For once, read the privacy policies, the terms of conditions, and any other legal fine print!

With the Money Mart example, they have faced many regulatory expectations, and thus their system is as robust and secure as possible. If you deal with a small payday lender on the Web, chances are we aren’t talking $1 billion processed yearly. So get a feel for how much the lender has managed and whether they would have the appropriate protocols in place.

Also, really do your background research!

The sad thing is that most payday loan scams can be spotted a mile away. And the ones that are just there to collect your information are obvious tricks.

There are two things you can do:

  • Domain background search. Look to see how long ago they registered their domain via a Whois domain lookup. can help you see how a website operated in previous years by viewing archived pages.
  • Business background search. Look through Google to see what type of history the business has, search by company name, site name, phone number, address, and any other identifying information you can find.

This will draw a picture of what you are facing. If the company can be trusted, it will have a verified background. Otherwise, there will be discrepancies, a lack of history, or obviously bad stuff that comes up.

Don’t Trust Payday Loan Reviews

The only good thing about reviews being on the Web is that the site isn’t lurking in the shadows. Many payday loan reviews are written by affiliate marketers and even the fraudsters themselves. The more these companies have to critique, the better. This makes it easier for victims to track their experience back to specific illicit companies.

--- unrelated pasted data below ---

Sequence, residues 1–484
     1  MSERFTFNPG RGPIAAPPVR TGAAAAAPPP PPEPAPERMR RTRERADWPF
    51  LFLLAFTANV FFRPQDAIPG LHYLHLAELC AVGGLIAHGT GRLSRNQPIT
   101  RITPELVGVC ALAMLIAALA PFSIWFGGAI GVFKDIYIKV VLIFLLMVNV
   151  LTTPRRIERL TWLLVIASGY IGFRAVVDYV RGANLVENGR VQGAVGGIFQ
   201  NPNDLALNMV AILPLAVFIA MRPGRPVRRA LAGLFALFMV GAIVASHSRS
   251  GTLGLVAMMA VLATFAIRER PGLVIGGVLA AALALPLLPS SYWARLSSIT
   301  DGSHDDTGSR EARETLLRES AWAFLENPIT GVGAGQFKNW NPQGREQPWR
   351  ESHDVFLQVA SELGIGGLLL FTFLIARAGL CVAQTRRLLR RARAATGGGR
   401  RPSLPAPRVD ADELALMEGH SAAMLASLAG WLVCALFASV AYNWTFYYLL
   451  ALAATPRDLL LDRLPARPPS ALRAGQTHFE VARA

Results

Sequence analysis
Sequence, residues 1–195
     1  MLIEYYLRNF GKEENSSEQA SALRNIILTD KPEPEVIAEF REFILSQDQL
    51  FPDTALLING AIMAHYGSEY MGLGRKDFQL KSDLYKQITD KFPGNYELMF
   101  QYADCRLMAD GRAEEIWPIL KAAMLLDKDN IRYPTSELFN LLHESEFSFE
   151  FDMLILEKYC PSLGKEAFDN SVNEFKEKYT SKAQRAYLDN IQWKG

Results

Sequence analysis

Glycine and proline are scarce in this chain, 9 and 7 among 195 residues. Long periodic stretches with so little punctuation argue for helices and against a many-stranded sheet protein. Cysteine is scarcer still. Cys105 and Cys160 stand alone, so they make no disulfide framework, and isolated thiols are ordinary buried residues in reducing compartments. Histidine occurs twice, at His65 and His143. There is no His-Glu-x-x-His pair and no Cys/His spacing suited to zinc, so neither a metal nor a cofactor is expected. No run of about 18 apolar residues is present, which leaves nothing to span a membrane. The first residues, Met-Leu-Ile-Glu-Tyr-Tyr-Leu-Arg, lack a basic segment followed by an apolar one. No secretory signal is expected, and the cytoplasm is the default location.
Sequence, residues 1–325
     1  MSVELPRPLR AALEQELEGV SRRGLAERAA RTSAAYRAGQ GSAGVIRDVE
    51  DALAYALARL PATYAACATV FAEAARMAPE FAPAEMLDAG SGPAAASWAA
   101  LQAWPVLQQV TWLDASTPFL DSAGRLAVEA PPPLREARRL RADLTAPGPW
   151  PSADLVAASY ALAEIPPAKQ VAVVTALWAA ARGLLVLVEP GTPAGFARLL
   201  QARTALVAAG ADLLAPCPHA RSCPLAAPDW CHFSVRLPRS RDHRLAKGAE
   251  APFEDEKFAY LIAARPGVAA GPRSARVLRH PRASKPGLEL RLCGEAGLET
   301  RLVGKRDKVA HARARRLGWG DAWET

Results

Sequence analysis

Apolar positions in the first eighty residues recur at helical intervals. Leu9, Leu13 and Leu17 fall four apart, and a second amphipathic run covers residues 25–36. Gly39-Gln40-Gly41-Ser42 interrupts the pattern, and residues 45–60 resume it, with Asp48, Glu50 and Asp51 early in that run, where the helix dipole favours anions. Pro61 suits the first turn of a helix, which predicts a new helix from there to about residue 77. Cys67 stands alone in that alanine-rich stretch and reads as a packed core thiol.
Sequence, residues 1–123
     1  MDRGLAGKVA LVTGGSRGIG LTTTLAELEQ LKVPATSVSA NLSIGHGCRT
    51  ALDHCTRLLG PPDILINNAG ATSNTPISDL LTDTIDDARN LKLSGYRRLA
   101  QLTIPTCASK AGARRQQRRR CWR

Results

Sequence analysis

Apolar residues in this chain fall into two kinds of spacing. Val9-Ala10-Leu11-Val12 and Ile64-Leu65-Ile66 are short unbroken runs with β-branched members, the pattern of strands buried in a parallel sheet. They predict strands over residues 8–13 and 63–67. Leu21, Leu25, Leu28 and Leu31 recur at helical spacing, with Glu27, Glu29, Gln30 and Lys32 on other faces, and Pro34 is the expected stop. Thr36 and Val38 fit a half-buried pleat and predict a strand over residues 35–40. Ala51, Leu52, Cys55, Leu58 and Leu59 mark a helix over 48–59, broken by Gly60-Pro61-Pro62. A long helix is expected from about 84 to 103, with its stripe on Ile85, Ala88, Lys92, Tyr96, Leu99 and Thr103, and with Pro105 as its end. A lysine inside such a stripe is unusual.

However, sometimes reading payday loan reviews will give you insight into what good is about to come your way. The clearest example of this is finding a lot of positive user experiences. But don’t rely only on random websites. You want reviews on Google Maps, Yelps, the Better Business Bureau, and even GlassDoor.

Wait, GlassDoor?

Yup … that’s a review site for employees to brag or criticize about their previous or current employer … if they are a longstanding business, you might have an idea of their integrity this way.

Next, you could refer back to our Top 10 Payday Lenders piece. This list is current as of writing this (May 2016), and each of these companies has been thoroughly vetted.

Payday Loan Advertising and Marketing Scams

It is important to differentiate a payday loan scam from an advertising and/or marketing scam. The thing is that payday lenders get a bad rep in the first place, and they are often labeled as a scam for reasons that are not fraudulent. For example, even when they charge within the legal APR rate, they are constantly ragged as scammers for charging too much interest.